By Niall Stanage - 11-19-16 06:03 AM EST
People once confined to the political fringes will be at the center of power in Donald Trump's White House.
Liberals and even some moderate Republicans are shuddering at the prospect. But it is a source of delight among conservatives who believe the GOP establishment has drifted too far from its core principles.
Of the people tapped so far by President-elect Trump, only one - Republican National Committee Chairman Reince Priebus - is identified with the party's mainstream. Priebus will be chief of staff in the Trump White House.
The other names tapped for important positions are outsiders, albeit to varying extents.
Former Breitbart News executive Steve Bannon will be chief strategist, while Gen. Michael Flynn will be national security advisor.
Liberals accuse Breitbart of trafficking in racism, misogyny and bigotry, though Bannon vigorously denies that critique. Flynn has made a number of incendiary remarks about Islam, including asserting that fear of Muslims is "rational."
Sen. Jeff Sessions (R-Ala.), Trump's pick to be attorney general, is perhaps the leading hardliner in the Senate on immigration, while his choice for CIA director, Rep. Mike Pompeo (R-Kan.) is a staunch conservative who was among Hillary Clinton's harshest critics over the 2012 attack in Benghazi, Libya. Pompeo opposes closing the Guantanamo Bay prison camp and has called Clinton's tenure at the State Department "morally reprehensible."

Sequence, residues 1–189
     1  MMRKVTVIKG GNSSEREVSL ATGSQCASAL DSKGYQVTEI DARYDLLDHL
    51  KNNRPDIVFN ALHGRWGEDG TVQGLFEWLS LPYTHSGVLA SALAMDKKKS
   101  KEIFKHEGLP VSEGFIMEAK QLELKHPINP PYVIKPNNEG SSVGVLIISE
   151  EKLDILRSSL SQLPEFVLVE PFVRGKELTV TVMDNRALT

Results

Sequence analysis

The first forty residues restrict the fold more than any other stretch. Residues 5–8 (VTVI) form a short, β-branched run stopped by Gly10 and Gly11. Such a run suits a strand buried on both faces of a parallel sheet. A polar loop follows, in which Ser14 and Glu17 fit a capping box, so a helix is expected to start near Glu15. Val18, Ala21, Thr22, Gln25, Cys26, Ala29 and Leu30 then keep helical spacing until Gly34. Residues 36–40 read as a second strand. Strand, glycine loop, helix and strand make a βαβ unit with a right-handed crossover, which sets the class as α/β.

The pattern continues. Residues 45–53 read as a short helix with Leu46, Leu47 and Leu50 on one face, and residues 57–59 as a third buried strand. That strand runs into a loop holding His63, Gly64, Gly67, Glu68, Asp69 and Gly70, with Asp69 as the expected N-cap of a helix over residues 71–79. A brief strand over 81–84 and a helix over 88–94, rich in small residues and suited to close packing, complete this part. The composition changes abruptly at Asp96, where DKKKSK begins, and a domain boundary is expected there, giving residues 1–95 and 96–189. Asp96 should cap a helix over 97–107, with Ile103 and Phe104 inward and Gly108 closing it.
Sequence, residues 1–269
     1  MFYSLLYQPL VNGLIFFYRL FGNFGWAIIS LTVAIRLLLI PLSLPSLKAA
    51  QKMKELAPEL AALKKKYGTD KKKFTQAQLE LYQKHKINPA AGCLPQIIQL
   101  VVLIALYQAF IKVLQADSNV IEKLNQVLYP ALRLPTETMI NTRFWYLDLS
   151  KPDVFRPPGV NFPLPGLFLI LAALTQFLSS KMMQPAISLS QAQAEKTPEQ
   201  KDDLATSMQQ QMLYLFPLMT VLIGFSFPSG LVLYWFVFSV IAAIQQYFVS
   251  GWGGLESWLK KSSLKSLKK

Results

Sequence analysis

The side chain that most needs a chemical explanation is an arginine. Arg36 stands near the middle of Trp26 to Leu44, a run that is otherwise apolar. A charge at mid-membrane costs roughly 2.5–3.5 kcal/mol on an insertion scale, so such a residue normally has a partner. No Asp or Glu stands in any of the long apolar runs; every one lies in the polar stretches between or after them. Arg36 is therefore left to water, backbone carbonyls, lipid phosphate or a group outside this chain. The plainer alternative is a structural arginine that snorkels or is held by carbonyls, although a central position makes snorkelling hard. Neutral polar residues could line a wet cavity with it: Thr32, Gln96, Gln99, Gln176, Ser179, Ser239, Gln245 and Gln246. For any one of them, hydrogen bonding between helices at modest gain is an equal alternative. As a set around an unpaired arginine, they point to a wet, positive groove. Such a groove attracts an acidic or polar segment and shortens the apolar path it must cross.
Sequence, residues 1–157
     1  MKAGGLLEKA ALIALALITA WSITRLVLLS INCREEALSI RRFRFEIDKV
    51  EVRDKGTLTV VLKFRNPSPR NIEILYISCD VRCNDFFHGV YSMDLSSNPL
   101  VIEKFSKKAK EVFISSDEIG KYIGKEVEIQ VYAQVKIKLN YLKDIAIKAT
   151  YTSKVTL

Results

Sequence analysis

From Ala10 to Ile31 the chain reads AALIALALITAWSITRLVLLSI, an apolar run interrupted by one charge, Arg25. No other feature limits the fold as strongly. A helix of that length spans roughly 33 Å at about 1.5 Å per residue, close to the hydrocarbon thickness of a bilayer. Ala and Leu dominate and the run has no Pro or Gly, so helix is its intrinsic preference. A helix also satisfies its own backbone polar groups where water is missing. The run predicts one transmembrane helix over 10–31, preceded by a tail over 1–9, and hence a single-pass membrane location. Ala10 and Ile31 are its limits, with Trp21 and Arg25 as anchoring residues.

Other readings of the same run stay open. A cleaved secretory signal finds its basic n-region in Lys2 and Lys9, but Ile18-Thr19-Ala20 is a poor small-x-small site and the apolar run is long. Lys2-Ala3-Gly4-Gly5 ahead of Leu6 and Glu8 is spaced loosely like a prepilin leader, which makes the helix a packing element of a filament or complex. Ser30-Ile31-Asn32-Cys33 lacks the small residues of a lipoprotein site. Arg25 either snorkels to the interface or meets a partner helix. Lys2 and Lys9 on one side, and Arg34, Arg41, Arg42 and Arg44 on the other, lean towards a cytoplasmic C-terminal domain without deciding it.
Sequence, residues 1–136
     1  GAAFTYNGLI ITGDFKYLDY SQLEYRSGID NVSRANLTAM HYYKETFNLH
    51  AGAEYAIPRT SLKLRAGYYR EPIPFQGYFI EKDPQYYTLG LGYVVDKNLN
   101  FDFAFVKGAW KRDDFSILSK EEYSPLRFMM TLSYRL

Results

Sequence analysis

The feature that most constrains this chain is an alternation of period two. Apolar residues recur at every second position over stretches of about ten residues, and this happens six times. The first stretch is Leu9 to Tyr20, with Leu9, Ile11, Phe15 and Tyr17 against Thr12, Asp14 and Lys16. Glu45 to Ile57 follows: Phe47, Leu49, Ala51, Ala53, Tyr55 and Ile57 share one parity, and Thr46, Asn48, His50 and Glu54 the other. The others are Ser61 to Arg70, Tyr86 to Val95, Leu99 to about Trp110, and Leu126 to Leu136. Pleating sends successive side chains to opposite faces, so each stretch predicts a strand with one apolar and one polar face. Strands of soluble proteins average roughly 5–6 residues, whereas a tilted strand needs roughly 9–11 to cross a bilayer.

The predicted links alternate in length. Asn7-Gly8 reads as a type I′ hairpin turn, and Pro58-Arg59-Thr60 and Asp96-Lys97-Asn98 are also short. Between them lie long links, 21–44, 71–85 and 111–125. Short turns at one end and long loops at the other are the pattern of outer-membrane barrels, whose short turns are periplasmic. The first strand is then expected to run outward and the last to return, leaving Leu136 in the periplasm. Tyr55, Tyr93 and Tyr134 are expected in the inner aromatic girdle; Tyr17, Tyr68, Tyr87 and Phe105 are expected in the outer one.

Sessions and Pompeo will require Senate confirmation to their positions, but Bannon and Flynn will not.
Democrats and others on the left are horrified by the transition that is unfolding. David Axelrod, a former key aide to President Obama, tweeted on Friday that Trump was "sticking with those who brought him to the dance but to many Americans, it will seem a Monster's Ball."
A succession of liberal groups lined up to slam the picks, urging Democrats to fight tooth and nail in the Senate to prevent the nomination of Sessions, in particular.
The NAACP said that the Alabaman's nomination "supports an old, ugly history where Civil Rights were not regarded as core American values."
Liberal icon Sen. Elizabeth Warren (D-Mass.) issued a statement calling on Trump to rescind Sessions's nomination. If he did not do so, she said, "it will fall to the Senate to exercise fundamental moral leadership for our nation and all of its people."
Others on the left emphasized that their opposition to Trump's picks went far beyond standard disagreements with an incoming Republican administration.
Isaiah Poole, communications director of People's Action, a progressive group, said that the fear of the Trump administration was of "a whole different magnitude" than the concerns that might have been voiced if previous GOP nominees such as Mitt Romney or John McCain had won the presidency.
"What we are seeing is what I might call the Steve Bannonization, or the Breitbartization, of the federal government. There was a real question about whether we were going to see 'Trump the pragmatist' come out of hiding. The answer, based on these appointments, is clearly no."
On the right, there is enthusiasm rather than concern. Some are delighted that Trump's appointments suggest no trimming of his sails but, rather, a rededication to pursuing the policies that resonated with voters.